Tracking you

Tracking you

privacy google tracking

Well timed for my latest series of privacy related things I received an e-mail the other day, from Google. They wanted to let me know that they know exactly where I am and where I have been, regardless of if I'm using their Chrome browser or not. Apparently I have settings and apps in my iPhone (which obviously is made by Apple, not Google) that automatically report this stuff back to Google.

Google map showing my locations when travelling in Taiwan
Overview map from my Taiwan trip

The e-mail shows a summary over my last months movements and included my work trip to Helsinki. More importantly, it also had a link in it saying "Explore your timeline", which I had to click. Oh yes, if there was any doubt they knew where I had been those doubts were swept away now. With extreme precision could I back-track my recent journey to Taiwan, down to street level. I could also see both our local Helsinki office as well as the hotel I stayed at when I was in Helsinki.

Screenshot of Google site regarding your location
After a few clicks this appear

As I was clicking around a box appeared after a little while, with a button saying "Manage location history". The box also had an informative text saying "Your location is reported by your mobile device and only you can see it.". Um yeah, ok. And you Google. Google obviously also can see it, otherwise they wouldn't be able to show it to me.

Clicking on that "Manage location history" button leads you off to a site that where you can see what app/software/device that is reporting your data back to Google. I would suggest you go there and have a look yourself. Perhaps you are comfortable with Google keeping tabs on your every move. I'm not. Especially not after reading their privacy policy, which pretty much confirms exactly what I've said in previous posts; the data you provide can, and will, be used to be able to serve you more relevant advertising.

Screenshot from Googles privacy policy
Information about data Google collects from you

Among other things it says like this on their Privacy Policy site:

We collect information about your location when you use our services, which helps us offer features like driving directions for your weekend getaway or showtimes for movies playing near you.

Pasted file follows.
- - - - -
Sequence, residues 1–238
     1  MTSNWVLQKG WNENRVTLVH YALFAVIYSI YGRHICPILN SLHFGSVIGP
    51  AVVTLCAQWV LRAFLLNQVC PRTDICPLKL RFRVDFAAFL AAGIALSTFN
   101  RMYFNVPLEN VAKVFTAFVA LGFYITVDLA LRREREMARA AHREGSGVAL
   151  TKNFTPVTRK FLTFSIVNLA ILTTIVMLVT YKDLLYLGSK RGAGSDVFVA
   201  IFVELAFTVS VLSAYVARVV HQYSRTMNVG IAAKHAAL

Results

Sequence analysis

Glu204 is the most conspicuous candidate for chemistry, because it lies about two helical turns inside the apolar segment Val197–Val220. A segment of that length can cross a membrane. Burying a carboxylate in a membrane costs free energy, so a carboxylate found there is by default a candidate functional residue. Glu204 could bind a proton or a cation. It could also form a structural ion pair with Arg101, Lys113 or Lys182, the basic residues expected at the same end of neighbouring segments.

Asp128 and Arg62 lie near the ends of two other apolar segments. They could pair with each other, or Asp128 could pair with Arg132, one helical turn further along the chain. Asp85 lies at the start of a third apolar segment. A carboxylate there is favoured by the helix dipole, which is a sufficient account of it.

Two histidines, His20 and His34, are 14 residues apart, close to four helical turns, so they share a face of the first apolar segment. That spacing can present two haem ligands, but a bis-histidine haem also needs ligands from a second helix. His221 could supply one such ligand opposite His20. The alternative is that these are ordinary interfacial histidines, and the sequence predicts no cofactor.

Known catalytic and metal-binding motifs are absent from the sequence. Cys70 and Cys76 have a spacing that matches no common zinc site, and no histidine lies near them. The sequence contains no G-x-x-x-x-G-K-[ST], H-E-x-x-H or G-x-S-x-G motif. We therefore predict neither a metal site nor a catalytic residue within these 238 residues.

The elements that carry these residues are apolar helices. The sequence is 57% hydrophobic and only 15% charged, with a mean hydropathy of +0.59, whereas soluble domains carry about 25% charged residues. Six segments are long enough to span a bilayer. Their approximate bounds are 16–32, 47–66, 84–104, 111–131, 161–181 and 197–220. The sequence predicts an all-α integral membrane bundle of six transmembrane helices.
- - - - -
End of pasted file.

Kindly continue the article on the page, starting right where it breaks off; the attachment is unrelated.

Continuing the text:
Your location can be determined with varying degrees of accuracy by:

  • GPS
  • IP address
  • Sensor data from your device
  • Information about things near your device, such as Wi-Fi access points, cell towers, and Bluetooth-enabled devices

A bit further down that same link it says like this:

Depending on your settings, we may also show you personalized ads based on your interests. For example, if you search for “mountain bikes,” you may see an ad for sports equipment when you’re browsing a site that shows ads served by Google. You can control what information we use to show you ads by visiting your ad settings.

Sure thing, they also say that if you allow them to track your location you are helping them build better products etc, but make no mistake in that it all boils down to advertising and advertising sales. That is what they make money from, so it kind of has to lead there.

If Google knows where you live, where you work, and where your kids go to school etc, it is pretty easy to deduct patterns for if you are on a holiday trip or a business trip for example. If you meet up with someone who is also tracked by Google, which is quite likely, it will not be overly difficult to have a good guess at what you could be talking about. After all Google knows both of your marital statuses, your interests, your family set-up, your jobs etc. They probably also know if you are friends, colleagues or just meeting for business. All of these little differences obviously can, and will, affect what you would be susceptible to when it comes to advertising and purchasing of goods/services. This knowledge is what they sell to advertisers on their platform.

So no, Google is probably not selling your specific name and/or address to their advertisers, but then again, they don't have to. They can still promise a pretty detailed demographic overview of the recipients of their advertising slots they sell.

Now I'm off to turn off a bunch of apps/services I apparently have running.

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